‘Coward of an attorney general’: Murdered Border Patrol agent’s brother shames Holder
The brother of the Border Patrol agent who died during a gunfight with smugglers armed with weapons that were part of the botched: Fast and Furious: “gun-walking” operation has written a scathing letter to: Attorney General Eric Holder: demanding to know when someone will answer for Brian Terry’s blood.
In the letter: excerpted by Breitbart.com,: Kent Terry: is clearly frustrated that after more than four years Holder remains unable — or unwilling — to hold anyone in the Bureau of Alcohol, Tobacco and Firearms responsible : for his brother’s death.
“It is shocking to know that the Attorney General of the United States had no knowledge or was not made aware of Fast and Furious until after the death of my brother, Brian Terry,” Terry writes.
Fast and Furious is in danger of being the forgotten scandal of the Obama administration, eclipsed by the administration’s distortions — for political purposes — of the terrorist attack on Benghazi, the IRS targeting of conservative groups and, of course, the continuing meltdown of Obamacare.
But Kent Terry is trying to keep the operation, which allowed about 2,000 guns to be sold to straw purchasers suspected of ties to Mexican drug cartels, in the public eye. The ATF lost track of more than 1,000 of the weapons, including two that turned up at the scene of Brian Terry’s death in December 2010.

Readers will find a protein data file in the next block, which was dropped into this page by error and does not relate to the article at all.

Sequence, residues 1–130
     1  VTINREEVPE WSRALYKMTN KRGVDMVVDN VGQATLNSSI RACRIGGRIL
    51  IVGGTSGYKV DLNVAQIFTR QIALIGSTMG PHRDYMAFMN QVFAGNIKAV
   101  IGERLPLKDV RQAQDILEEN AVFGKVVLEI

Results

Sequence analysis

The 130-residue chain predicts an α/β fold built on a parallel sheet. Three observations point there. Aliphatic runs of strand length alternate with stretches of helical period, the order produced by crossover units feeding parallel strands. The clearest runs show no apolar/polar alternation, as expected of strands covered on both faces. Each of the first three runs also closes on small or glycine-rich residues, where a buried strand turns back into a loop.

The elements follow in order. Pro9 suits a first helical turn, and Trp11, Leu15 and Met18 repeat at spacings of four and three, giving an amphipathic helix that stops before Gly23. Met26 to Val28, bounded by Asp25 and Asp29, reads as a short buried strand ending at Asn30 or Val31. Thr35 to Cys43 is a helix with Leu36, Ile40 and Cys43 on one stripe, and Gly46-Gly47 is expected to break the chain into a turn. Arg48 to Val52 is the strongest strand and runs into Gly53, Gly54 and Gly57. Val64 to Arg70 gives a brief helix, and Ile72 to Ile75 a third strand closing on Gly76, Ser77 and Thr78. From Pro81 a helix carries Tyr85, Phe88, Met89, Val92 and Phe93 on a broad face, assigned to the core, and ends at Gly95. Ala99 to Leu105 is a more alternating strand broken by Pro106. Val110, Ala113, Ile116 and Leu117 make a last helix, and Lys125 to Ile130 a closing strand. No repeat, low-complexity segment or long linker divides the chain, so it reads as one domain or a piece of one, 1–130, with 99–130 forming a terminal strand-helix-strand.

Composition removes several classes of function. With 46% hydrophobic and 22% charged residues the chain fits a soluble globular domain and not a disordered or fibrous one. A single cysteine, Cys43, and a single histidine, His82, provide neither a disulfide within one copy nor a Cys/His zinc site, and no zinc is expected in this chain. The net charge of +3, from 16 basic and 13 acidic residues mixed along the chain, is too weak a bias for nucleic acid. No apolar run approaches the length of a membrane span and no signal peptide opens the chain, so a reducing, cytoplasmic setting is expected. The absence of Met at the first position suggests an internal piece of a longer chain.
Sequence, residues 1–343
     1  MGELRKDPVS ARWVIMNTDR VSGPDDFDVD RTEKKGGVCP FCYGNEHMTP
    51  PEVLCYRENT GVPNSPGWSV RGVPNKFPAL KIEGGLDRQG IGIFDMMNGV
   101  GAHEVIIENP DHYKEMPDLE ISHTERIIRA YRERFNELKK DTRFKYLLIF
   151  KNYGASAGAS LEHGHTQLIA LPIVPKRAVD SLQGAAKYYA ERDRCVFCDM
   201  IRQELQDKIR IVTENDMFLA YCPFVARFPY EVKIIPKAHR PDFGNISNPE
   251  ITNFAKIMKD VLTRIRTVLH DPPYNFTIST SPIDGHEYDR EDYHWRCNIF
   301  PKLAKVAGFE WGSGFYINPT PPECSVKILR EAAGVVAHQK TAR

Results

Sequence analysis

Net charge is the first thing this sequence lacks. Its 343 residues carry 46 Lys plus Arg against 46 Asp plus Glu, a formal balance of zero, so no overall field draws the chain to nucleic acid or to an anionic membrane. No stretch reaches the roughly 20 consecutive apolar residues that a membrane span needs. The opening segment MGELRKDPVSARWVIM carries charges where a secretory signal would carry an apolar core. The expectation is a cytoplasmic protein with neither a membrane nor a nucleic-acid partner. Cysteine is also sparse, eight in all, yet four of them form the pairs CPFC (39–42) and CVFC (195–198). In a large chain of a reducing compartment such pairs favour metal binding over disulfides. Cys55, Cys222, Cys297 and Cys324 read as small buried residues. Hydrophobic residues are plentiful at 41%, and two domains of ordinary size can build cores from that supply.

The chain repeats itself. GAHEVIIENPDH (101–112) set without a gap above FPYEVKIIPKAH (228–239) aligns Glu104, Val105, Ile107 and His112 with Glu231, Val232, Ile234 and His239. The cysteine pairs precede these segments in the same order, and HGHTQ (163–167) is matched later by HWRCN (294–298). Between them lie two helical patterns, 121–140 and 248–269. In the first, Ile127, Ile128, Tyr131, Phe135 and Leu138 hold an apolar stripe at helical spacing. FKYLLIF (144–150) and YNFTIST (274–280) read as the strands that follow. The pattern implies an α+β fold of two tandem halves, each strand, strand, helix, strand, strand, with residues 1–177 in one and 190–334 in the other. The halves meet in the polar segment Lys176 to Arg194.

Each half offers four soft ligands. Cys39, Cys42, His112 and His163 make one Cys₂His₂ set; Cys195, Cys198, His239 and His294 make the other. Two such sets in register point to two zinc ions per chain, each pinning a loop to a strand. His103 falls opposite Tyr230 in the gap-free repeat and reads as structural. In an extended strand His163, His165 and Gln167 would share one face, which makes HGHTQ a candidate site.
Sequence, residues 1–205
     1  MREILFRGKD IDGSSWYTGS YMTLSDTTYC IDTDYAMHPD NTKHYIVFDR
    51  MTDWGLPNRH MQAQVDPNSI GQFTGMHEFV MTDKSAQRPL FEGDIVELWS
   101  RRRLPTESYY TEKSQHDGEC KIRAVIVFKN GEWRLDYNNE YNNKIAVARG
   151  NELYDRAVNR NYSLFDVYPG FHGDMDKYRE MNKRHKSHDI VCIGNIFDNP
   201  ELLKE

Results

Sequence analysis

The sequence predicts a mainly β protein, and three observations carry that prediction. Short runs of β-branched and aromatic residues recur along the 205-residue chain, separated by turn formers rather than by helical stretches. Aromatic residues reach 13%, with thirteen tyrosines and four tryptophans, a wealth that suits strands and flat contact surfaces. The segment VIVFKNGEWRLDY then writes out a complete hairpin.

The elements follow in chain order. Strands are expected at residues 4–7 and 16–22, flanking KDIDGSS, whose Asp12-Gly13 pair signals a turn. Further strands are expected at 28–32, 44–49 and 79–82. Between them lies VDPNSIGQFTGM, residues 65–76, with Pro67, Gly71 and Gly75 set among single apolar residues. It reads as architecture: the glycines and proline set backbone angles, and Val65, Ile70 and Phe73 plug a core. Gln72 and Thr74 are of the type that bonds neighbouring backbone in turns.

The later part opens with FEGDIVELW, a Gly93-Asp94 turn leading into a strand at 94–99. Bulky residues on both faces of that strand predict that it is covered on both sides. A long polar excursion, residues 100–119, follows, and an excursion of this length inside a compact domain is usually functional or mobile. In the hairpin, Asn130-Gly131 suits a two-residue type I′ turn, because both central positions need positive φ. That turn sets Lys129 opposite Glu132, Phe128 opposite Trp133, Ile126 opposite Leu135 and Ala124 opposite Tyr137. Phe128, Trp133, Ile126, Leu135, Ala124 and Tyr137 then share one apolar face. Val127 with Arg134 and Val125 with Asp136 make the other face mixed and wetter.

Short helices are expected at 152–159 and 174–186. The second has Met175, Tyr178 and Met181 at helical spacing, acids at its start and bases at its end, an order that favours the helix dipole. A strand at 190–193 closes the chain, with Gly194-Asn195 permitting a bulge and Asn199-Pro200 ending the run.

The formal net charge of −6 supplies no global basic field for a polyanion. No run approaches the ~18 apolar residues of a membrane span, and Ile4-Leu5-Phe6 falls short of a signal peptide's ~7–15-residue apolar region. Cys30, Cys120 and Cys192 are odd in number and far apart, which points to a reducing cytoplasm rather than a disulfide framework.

Another Fast and Furious weapon smuggled into Mexico was used to kill American Immigration Customs Enforcement officer Jaime Zapata in Mexico in February, 2011.
The Obama administration has stonewalled congressional investigators for years over Fast and Furious. In June 2012,: Holder became the first attorney general: in United States history to be held in contempt of Congress on a largely party-line vote.
In his letter, Terry brands Holder a “coward of an attorney general” and demands that he live up to his oath of office.
“Why hide behind executive privilege? … Somewhere deep inside you must have some conscience; do the honorable thing and have some integrity as an attorney general,” Terry wrote.
“So I ask you: stop misleading my family and the American people. Stop obstruction of justice.”
This post was used with the permission of Bizpac Review.